Display Custom Loading Screen when React Isn’t Ready

Last updated on March 3, 2023 A Goodman Loading... Post a comment

Before your React app is ready and capable of rendering its components, there is a period of time when only your HTML and CSS are working. If the internet speed of your user is fast then that period is almost unrecognizable. However, if their internet speed is really slow, we have a big problem here. The user may be annoyed because they don’t know what’s going on and may lose patience and leave your web app.

A simple but effective solution to this problem is to add a custom loading screen that immediately shows up when your HTML file is rendered.

What Is The Point?

The trick is simple and we can achieve the goal without writing tons of code. Just focus on your public/index.html file. Add your custom loader into the root <div> element:

  <noscript>You need to enable JavaScript to run this app.</noscript>
  <div id="root">
    <!-- Implement the custom loader page here -->
    <div class="my-loader-page"> 
       <!-- add your loader (icon, GIF, SVG, CSS animations, etc) here -->

In the beginning, the custom loader will be displayed. However, when React is ready, everything inside <div id=”root”> will automatically be replaced by JSX components. This behavior makes our lives much easier because we don’t have to write any logic to remove our loader when its mission is done. If you still feel confused and vague, let’s examine the full, working example below.

Complete Example

App Preview

In this example, we’ll create a custom spinner from pure CSS only. Note that to clearly observe the loading screen in the development environment, you have to open the Chrome DevTools, select the Network tab, and then throttle the internet speed by choosing Slow 3G or Fast 3G.

This is how it works in practice:

The Code

1. Create a brand new React project:

npx create-react-app custom-loading-screen-example

2. Go to the <your project directory>/public/index.html and replace the default code with the following:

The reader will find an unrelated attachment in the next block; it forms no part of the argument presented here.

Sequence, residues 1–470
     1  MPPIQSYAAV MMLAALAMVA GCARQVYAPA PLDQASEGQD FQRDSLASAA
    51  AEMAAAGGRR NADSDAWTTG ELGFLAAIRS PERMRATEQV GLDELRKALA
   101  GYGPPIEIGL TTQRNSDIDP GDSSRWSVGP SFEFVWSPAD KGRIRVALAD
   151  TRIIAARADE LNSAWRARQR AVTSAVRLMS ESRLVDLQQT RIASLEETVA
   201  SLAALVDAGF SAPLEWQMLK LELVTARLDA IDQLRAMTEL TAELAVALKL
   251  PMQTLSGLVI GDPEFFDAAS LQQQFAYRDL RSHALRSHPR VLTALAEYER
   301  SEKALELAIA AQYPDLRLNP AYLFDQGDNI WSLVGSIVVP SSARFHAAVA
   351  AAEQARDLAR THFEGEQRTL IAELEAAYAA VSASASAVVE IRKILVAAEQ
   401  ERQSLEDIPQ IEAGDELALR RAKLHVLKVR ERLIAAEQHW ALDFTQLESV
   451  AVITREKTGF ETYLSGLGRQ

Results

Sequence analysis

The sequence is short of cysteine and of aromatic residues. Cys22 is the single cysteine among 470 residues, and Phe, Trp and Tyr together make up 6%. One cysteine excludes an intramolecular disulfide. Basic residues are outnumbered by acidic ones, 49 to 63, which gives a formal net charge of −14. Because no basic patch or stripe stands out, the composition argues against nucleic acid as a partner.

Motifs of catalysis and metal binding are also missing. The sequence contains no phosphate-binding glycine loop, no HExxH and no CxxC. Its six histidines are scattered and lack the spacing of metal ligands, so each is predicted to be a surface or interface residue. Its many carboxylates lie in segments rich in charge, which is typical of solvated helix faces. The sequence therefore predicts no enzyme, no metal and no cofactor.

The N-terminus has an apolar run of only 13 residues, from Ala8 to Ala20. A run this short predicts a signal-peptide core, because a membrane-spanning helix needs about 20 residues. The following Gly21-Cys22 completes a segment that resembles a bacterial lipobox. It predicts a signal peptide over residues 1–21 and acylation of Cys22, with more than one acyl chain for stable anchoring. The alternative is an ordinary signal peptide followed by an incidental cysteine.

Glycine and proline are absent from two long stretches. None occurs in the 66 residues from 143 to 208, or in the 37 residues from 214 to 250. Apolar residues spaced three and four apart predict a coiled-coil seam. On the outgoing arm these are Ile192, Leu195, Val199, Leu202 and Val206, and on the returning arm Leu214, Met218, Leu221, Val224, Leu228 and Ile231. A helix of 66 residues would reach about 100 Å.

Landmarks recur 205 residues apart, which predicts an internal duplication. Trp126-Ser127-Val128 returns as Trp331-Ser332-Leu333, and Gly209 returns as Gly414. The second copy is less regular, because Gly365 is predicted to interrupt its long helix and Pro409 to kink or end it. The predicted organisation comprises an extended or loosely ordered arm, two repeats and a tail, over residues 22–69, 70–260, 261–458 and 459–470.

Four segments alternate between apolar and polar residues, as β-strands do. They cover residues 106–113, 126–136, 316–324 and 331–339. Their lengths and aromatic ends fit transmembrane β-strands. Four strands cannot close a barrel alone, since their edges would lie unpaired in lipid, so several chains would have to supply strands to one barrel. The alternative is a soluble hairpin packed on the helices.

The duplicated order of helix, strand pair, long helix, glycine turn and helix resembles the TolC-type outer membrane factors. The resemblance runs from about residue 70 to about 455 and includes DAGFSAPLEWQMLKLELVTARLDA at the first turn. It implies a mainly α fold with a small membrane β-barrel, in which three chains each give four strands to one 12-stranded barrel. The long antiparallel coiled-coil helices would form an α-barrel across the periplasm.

<!DOCTYPE html>
<html lang="en">

  <meta charset="utf-8" />
  <link rel="icon" href="%PUBLIC_URL%/favicon.ico" />
  <meta name="viewport" content="width=device-width, initial-scale=1" />
  <meta name="theme-color" content="#000000" />
  <meta name="description" content="Web site created using create-react-app" />
  <link rel="apple-touch-icon" href="%PUBLIC_URL%/logo192.png" />
  <link rel="manifest" href="%PUBLIC_URL%/manifest.json" />

  <!-- Add this CSS to style the custom loader -->
    .my-loader-page {
      width: 100vw;
      height: 100vh;
      display: flex;
      flex-direction: column;
      justify-content: center;
      align-items: center;

    .my-loader {
      width: 100px;
      height: 100px;
      border: 10px solid #bbb;
      border-left: 10px solid blue;
      border-right: 10px solid blueviolet;
      border-radius: 50%;
      animation: spin 2s linear infinite;

    @keyframes spin {
      0% {
        transform: rotate(0deg);

      100% {
        transform: rotate(360deg);

  <noscript>You need to enable JavaScript to run this app.</noscript>
  <div id="root">
    <!-- Implement the custom loader here -->
    <!-- All elements inside the root diev will be replaced by React components when they are ready -->
    <div class="my-loader-page">
      <div class="my-loader"></div>
      <p>React isn't ready yet</p>


Just focus on the CSS styles in the <head> section and other things inside <div id=”root”>.

3. Remove all of the unwanted code in src/App.js and add this:

// KindaCode.com
// src/App.js
import './App.css';

function App() {
  return (
    <div style={{ padding: 30 }}>
      <h1>Welcome To KindaCode.com</h1>
      <h3>React is now ready</h3>

export default App;

4. Start it up:

npm start

View the app at http://localhost:3000. Throttle the internet speed with the Chrome DevTools (as mentioned earlier), and refresh the page to check the result. Cheer!


You’ve learned how to implement a custom loading indicator for your React app. The work isn’t tremendous but improves user experience a lot. Try to modify the code, change the CSS styles, add some things, and remove some things to make the example fit your needs.

If you’d like to consolidate your frontend skills and explore more new stuff about modern React, take a look at the following articles:

You can also check our React category page and React Native category page for the latest tutorials and examples.

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